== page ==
15b THE ESTATE OF MERCHANTS 1336 -- 1365    (Clive Tranter)

The name estate of merchants is misleading because it has been applied by historians and was not a term recognised at the time. The estate of merchants is a title given to the merchant assemblies gathered by writ under Edward III, and refers to the accepted view of representation at this time. The three estates of man were the nobility the clergy and the commons. Edward worked out deals with the merchants bypassing the parliament where the three estates were represented and it is this that has led historians to see the merchants as a sub-estate with its own representation.

Edward III needed finance he was always on the verge of bankruptcy, Parliament could only be induced to grant a certain amount of direct or indirect taxation. the war with Scotland and the threatened war with France meant he had to find large amounts of finances.

Edward called 3 merchant assemblies in 1336sending writs to 105 merchants, the third assembly agreed a tax grant of 20/- on each sack of wool sold and a loan of the same amount, what makes this important is that this was agreed without consent of Parliament and in effect by-passed it. The merchants in exchange for this were granted a monopoly on the export of the wool. It should be mentioned that wool was almost the only war finance available to Edward and was his only available diplomatic tool as a wool staple was the only incentive he could offer potential allies.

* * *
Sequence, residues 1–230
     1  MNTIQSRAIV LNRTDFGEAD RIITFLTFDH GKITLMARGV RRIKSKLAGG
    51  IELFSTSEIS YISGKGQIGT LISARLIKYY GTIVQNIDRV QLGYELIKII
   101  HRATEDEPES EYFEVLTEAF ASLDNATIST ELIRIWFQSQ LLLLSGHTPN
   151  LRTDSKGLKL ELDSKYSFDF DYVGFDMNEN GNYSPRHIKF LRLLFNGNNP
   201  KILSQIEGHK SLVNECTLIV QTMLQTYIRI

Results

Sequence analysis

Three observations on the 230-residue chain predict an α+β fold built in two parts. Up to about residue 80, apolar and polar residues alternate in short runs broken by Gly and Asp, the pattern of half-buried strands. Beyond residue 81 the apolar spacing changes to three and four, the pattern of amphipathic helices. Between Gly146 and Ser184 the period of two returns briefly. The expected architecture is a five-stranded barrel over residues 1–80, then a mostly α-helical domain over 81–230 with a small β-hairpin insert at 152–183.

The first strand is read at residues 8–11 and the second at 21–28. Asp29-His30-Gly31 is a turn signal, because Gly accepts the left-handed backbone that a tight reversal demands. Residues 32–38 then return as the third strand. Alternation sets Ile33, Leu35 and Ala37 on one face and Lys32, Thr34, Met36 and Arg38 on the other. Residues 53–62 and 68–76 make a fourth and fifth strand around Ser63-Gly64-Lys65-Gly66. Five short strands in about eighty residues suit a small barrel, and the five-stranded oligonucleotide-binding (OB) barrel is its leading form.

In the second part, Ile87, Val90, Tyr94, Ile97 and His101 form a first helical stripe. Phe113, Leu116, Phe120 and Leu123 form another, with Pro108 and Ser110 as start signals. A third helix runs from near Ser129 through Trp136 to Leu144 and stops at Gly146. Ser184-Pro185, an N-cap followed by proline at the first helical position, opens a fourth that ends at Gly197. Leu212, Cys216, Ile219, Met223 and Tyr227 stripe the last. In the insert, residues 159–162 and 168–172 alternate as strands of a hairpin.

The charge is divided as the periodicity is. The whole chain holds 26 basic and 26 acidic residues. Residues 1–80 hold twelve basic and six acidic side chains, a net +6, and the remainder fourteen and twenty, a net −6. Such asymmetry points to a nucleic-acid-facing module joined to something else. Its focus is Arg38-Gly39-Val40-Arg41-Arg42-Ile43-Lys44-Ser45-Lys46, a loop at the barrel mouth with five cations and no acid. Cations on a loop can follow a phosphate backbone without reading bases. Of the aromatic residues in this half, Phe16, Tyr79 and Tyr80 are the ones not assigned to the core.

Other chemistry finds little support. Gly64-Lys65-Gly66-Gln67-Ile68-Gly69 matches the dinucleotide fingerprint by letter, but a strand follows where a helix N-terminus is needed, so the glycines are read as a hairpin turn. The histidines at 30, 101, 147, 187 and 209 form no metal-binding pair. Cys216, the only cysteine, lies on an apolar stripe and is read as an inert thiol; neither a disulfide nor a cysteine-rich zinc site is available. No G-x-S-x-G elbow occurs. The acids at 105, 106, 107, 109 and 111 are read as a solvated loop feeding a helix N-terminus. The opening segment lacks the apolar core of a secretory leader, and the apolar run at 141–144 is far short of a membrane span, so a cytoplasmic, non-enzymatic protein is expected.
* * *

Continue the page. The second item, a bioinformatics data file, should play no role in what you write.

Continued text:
Three more assemblies were summoned by the crown in 1337,the first was held on the 16 june and only 24 merchants were summoned these were the leading merchants and capitalists ,men such as William de la Pole. The seeds of destruction were sown at this time because Edward was already splitting the assembly into the major and minor contractors with consequences which will be discussed later. The second and third assmblies were to fill in gaps in a contract already agreed with the leading merchants.

The arrangement made was thus, merchants were to buy 30,000 sacks of wool half on 6 months credit and half on 12 months credit. The idea was to have a strict control over the export of the wool thereby raising the demand and the price. The king was to get half the raised profit margin and the already agreed 20/- grant. In effect the sheep farmers were to lend the wool to the merchants and the merchants were to lend the proceeds from its sale to the king.